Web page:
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Making it momentany as a sound,
Her. If then true lovers have been ever cross'd,
My good Lysander !
- the collied night,] Collied, i. e. black, smutted with com-fancy's followers.] Fancy is love.
And by that fire which burn'd the Carthage queen,'
Hel. Call you me fair? that fair again unsay. Demetrius loves your fair:2 () happy fair! Your eyes are lode-stars ;; and your tongue's sweet
air More tuneable than lark to shepherd's ear, When wheat is green, when hawthorn buds appear. Sickness is catching; 0, were favour so !* Your's would I catch, fair Hermia, ere I go; My ear should catch your voice, my eye your eye, My tongue should catch your tongue's sweet melody. Were the world mine, Demetrius being bated, The rest I'll give to be to you translated.5 O, teach me how you look; and with what art You sway the motion of Demetrius' heart.
Her. I frown upon him, yet he loves me still. Hel. O, that your frowns would teach my smiles
i- by that fire which burn'd the Carthage queen,] Shak. speare had forgot that Theseus performed his exploits before the Trojan war, and consequently long before the death of Dido.
* Demetrius loves your fair:] Fair is used as a substantive.
3 Your eyes are lode-stars;] This was a compliment not unfrequent among the old poets. The lode-star is the leading or guiding star, that is, the pole-star. 4 0 , were favour so!] Favour is feature, counterance.
s to be to you translated.] To translate, in our author, sometimes signifies to change, to transform,
Her. I give him curses, yet he gives me love. Hel. O, that my prayers could such affection
move! Her. The more I hate, the more he follows me. Hel. The more I love, the more he hateth me. Her. His folly, Helena, is no fault of mine. Hel. None, but your beauty ; 'Would that fault
were mine! Her. Take comfort; he no more shall see my
Lys. Helen, to you our minds we will unfold:
Her. And in the wood, where often you and I
6 Take comfort ; he no more shall see my face ;
Lysander and myself will Ay this place.
Before the time I did Lysander see,) Perhaps every reader may not discover the propriety of these lines. Hermia is willing to comfort Helena, and to avoid all appearance of triumph over her. She therefore bids her not to consider the power of pleasing, as an advantage to be much envied or much desired, since Hermia, whom she considers as possessing it in the supreme degree, has found no other effect of it than the loss of happiness. JOHNSON.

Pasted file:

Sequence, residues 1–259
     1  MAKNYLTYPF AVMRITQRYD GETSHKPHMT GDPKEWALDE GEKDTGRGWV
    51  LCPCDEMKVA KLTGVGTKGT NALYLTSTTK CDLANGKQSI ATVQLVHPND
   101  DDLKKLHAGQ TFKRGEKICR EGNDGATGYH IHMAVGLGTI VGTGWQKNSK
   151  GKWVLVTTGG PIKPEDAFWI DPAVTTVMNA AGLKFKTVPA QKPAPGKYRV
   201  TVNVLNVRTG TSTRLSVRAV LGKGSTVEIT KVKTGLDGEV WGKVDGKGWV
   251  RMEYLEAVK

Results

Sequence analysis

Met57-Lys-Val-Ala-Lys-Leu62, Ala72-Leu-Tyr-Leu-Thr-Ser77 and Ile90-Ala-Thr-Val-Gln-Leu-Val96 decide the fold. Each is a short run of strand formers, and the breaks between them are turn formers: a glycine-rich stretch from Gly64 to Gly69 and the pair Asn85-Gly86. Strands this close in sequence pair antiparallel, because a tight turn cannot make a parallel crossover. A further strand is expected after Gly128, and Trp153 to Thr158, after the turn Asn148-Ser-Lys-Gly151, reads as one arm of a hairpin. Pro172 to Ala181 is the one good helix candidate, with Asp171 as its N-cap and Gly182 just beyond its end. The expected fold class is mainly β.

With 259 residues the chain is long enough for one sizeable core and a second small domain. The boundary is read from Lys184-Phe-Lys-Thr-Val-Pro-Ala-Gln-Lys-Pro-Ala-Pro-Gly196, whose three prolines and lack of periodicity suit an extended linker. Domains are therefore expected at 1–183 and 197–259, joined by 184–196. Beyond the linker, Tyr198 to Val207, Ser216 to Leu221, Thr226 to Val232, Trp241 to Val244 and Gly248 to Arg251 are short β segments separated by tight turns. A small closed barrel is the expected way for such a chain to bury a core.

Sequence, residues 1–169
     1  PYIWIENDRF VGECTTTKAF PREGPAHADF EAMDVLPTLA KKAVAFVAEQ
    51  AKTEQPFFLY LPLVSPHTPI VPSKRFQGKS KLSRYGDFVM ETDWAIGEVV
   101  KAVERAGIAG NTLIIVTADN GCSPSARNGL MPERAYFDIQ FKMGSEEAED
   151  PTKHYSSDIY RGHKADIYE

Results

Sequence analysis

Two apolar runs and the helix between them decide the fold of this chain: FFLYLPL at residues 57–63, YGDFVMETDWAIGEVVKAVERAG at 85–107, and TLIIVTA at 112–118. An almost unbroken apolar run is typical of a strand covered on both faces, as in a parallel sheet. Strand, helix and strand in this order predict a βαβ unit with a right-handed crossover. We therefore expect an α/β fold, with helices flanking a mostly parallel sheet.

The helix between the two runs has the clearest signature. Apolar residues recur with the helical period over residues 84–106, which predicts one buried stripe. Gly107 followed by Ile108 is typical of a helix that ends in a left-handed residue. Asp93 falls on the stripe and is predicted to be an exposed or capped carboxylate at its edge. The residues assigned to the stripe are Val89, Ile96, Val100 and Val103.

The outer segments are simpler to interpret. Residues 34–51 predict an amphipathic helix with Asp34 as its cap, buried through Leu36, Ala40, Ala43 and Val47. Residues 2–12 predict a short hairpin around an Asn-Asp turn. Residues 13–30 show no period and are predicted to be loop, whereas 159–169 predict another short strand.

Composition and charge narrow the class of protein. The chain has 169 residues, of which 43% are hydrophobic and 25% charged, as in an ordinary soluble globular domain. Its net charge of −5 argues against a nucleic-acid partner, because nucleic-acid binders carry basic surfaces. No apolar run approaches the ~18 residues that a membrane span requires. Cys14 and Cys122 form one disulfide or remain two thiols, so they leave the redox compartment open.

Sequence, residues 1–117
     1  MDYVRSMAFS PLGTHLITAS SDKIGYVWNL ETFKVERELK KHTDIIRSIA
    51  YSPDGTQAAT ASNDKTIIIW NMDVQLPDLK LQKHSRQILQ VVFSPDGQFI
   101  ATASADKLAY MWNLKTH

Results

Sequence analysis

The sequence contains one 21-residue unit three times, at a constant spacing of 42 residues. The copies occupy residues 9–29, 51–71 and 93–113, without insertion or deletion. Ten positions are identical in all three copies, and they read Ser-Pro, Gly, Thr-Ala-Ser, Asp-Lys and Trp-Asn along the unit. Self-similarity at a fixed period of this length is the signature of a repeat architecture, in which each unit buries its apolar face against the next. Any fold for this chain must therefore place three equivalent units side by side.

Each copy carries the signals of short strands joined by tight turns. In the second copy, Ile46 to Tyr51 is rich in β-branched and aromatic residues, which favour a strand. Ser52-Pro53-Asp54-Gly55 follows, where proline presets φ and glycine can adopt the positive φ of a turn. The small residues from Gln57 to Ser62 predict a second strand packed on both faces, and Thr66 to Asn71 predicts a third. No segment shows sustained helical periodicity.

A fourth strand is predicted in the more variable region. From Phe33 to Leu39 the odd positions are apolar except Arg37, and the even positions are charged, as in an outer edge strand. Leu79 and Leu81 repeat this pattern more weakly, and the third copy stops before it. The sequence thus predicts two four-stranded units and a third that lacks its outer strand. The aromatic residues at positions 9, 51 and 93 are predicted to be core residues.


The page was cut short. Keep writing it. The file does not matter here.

Keep word, Lysander; we must starve our sight
[Exit Lys. Hel. How happy some, o'er other some can be! Through Athens I am thought as fair as she. But what of that? Demetrius thinks not so ; He will not know what all but he do know. And as he errs, doting on Hermia's eyes, So I, admiring of his qualities. Things base and vile, holding no quantity, . Love can transpose to form and dignity. Love looks not with the eyes, but with the mind; And therefore is wing’d Cupid painted blind. Nor hath love's mind of any judgement taste; Wings, and no eyes, figure unheedy haste : And therefore is love said to be a child, Because in choice he is so oft beguild. As waggish boys in games themselves forswear, So the boy Love is perjur'd every where : For ere Demetrius look'd on Hermia’s eyne, He hail'd down oaths, that he was only mine; And when this hail some heat from Hermia felt, So he dissolv'd, and showers of oaths did melt. I will go tell him of fair Hermia's flight: Then to the wood will he, to-morrow night,
7 when Phæbe doth behold, &c.
- deep midnight.] Shakspeare has a little forgotten himself. It appears from p. 307, that to-morrow night would be within three nights of the new moon, when there is no moonshine at all, much less at deep midnight. The same oversight occurs in Act III. sc. i. BLACKSTONE.
8- in game - ] Game here signifies sport, jest.
9 Hermia's eyne,] This plural is common both in Chaucer and Spenser.
Pursue her; and for this intelligence
SCENE IỊ. The same. A Room in a Cottage. Enter Snug, Bottom, FLUTE, SNOUT, QUINCE,
Quin. Is all our company here?
Bot. You were best to call them generally, man by man, according to the scrip.;
Quin. Here is the scroll of every man's name, which is thought fit, through all Athens, to play in our interlude before the duke and duchess, on his wedding-day at night.
Bot. First, good Peter Quince, say what the play treats on; then read the names of the actors; and so grow to a point.
Quin. Marry, our play is—The most lamentable comedy, and most cruel death of Pyramus and Thisby.
i— it is a dear expence:) i. e. it will cost him much, (be a severe constraint on his feelings,) to make even so slight a return for my communication. Steevens.
* In this scene Shakspeare takes advantage of his know. ledge of the theatre, to ridicule the prejudices and competitions of the players. Bottom, who is generally acknowledged the principal actor, declares his inclination to be for a tyrant, for a part of fury, tumult, and noise, such as every young man pants to perform when he first steps upon the stage. The same Bottom, who seems bred in a tiring-room, has another histrionical passion. He is for engrossing every part, and would exclude his inferiors from all possibility of distinction. He is therefore desirous to play Pyramus, Thisbe, and the Lion, at the same time. Johnson,
3 the scrip.] A scrip, Fr. escript, now written ecrit.